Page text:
southern Mesopotamia, or what is now Iraq. The Arabs of that region
had been Christianized and instructed by Syrian Christians. Their
liturgical language was Syro-Aramaic. And this was the vehicle of
their culture, and more generally the language of written
communication."

Q.: What is the relationship between this language of culture
and the origin of the Koran?

A.: "Beginning in the third century, the Syrian Christians
did not limit themselves to bringing their evangelical mission to
nearby countries, like Armenia or Persia. They pressed on toward
distant territories, all the way to the borders of China and the
western coast of India, in addition to the entire Arabian peninsula
all the way to Yemen and Ethiopia. It is thus rather probable that,
in order to proclaim the Christian message to the Arabic peoples,
they would have used (among others) the language of the Bedouins, or
Arabic. In order to spread the Gospel, they necessarily made use of a
mishmash of languages. But in an era in which Arabic was just an
assembly of dialects and had no written form, the missionaries had no
choice but to resort to their own literary language and their own
culture; that is, to Syro-Aramaic. The result was that the language
of the Koran was born as a written Arabic language, but one of Arab-
Aramaic derivation."

Q.: Do you mean that anyone who does not keep the Syro-Aramaic
language in mind cannot translate and interpret the Koran correctly?

A.: "Yes. Anyone who wants to make a thorough study of the
Koran must have a background in the Syro-Aramaic grammar and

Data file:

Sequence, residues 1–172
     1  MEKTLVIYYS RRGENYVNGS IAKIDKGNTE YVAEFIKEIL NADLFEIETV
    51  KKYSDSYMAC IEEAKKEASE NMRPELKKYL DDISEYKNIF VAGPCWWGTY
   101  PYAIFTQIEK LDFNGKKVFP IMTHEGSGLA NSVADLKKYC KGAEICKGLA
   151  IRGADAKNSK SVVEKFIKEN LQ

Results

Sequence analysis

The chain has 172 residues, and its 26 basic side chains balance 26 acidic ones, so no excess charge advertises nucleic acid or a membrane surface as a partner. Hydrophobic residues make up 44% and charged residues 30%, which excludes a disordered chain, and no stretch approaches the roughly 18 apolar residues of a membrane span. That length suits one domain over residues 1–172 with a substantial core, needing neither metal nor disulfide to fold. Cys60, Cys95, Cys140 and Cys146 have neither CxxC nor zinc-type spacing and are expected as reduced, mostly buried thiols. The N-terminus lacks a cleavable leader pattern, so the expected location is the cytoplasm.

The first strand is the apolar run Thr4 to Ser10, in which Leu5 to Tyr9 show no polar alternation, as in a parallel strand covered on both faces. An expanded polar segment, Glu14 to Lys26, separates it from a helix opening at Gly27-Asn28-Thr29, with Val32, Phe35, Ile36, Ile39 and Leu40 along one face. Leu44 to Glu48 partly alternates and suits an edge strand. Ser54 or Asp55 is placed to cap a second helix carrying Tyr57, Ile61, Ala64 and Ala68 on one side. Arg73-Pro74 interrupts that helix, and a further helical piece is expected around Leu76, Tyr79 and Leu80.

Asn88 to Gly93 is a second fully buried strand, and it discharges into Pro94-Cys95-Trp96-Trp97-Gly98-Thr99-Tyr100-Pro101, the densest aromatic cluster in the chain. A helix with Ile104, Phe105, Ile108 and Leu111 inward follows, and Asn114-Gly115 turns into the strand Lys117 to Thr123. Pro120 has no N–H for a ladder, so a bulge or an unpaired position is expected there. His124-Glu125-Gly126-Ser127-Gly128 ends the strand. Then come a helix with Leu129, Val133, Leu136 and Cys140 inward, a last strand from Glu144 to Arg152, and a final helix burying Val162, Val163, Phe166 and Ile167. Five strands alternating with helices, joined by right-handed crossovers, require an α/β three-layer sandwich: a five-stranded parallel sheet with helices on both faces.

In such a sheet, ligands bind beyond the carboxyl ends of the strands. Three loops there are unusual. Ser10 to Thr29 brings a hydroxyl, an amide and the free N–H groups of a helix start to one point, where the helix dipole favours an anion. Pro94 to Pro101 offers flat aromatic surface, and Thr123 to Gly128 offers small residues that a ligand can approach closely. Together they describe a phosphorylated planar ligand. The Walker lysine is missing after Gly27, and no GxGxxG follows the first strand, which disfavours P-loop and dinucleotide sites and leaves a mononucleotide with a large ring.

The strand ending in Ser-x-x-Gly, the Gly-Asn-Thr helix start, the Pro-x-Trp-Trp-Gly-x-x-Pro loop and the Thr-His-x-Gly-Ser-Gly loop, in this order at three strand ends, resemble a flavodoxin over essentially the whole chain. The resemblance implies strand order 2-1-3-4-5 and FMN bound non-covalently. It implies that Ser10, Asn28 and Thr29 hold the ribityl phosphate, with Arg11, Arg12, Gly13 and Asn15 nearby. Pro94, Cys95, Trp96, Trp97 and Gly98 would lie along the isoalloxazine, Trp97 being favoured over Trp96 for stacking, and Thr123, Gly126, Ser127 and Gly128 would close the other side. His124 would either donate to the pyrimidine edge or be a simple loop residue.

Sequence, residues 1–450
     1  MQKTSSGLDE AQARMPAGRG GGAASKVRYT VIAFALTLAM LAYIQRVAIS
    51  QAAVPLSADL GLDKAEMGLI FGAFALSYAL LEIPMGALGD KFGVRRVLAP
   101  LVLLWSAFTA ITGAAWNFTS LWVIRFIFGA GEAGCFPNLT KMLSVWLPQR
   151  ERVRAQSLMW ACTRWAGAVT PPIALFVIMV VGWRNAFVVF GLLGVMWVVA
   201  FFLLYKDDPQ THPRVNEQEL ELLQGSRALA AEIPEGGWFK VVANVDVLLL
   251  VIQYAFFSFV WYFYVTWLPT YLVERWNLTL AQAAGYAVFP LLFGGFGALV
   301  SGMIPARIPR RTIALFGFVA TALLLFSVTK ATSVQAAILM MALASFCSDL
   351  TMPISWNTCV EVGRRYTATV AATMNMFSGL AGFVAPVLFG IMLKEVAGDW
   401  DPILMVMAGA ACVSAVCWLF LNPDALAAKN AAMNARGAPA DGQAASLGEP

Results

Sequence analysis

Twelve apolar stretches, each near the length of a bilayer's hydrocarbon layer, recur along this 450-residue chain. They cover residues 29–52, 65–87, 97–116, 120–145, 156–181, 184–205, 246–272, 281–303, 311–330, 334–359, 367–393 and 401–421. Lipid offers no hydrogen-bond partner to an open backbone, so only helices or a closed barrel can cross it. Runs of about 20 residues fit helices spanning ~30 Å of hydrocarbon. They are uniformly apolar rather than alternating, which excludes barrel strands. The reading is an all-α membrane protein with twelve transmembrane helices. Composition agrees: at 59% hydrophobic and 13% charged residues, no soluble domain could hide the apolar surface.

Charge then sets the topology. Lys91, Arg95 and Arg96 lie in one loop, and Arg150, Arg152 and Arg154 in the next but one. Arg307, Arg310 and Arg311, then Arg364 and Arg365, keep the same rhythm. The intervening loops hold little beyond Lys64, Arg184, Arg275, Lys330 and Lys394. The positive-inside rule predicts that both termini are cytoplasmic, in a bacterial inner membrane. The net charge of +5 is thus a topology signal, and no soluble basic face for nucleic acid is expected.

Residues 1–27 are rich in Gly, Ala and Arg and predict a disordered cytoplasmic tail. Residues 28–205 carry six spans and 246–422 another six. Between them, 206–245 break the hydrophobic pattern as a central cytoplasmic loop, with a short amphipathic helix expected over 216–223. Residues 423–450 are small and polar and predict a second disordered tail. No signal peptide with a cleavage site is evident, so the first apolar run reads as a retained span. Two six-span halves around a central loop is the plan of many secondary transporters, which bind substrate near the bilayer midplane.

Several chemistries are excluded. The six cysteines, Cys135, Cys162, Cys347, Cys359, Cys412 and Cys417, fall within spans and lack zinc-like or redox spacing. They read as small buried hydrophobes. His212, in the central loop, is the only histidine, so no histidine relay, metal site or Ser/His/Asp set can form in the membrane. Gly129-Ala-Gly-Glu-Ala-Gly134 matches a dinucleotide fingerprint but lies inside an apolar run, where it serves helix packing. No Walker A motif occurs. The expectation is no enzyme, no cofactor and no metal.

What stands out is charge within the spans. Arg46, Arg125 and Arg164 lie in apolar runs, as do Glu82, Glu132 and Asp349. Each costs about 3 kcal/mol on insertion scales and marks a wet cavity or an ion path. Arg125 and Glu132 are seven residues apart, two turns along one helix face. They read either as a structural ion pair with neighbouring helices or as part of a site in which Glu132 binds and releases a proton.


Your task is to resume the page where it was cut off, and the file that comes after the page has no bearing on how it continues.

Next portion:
literature of that period, the 7th century. Only thus can he identify
the original meaning of Arabic expressions whose semantic
interpretation can be established definitively only by retranslating
them into Syro-Aramaic."

Q.: Let's come to the misunderstandings. One of the most
glaring errors you cite is that of the virgins promised, in the
Islamic paradise, to the suicide bombers.

A.: "We begin from the term `huri,' for which the
Arabic commentators could not find any meaning other than those
heavenly virgins. But if one keeps in mind the derivations from Syro-
Aramaic, that expression indicated `white grapes,' which is
one of the symbolic elements of the Christian paradise, recalled in
the Last Supper of Jesus. There's another Koranic expression,
falsely interpreted as `the children' or `the youths'
of paradise: in Aramaic: it designates the fruit of the vine, which
in the Koran is compared to pearls. As for the symbols of paradise,
these interpretive errors are probably connected to the male monopoly
in Koranic commentary and interpretation."

Q.: By the way, what do you think about the Islamic veil?

A.: "There is a passage in Sura 24, verse 31, which in
Arabic reads, `That they should beat their khumurs against their
bags.' It is an incomprehensible phrase, for which the following
interpretation has been sought: `That they should extend their
kerchiefs from their heads to their breasts.' But if this passage
is read in the light of Syro-Aramaic, it simply means: `They
should fasten their belts around their waists.'"

Q.: Does this mean the veil is really a chastity belt?

A.: "Not exactly. It is true that, in the Christian
tradition, the belt is associated with chastity: Mary is depicted
with a belt fastened around her waist. But in the gospel account of
the Last Supper, Christ also ties an apron around his waist before
washing the Apostles' feet. There are clearly many parallels with
the Christian faith."

Q.: You have discovered that Sura 97 of the Koran mentions the
Nativity. And in your translation of the famous Sura of Mary,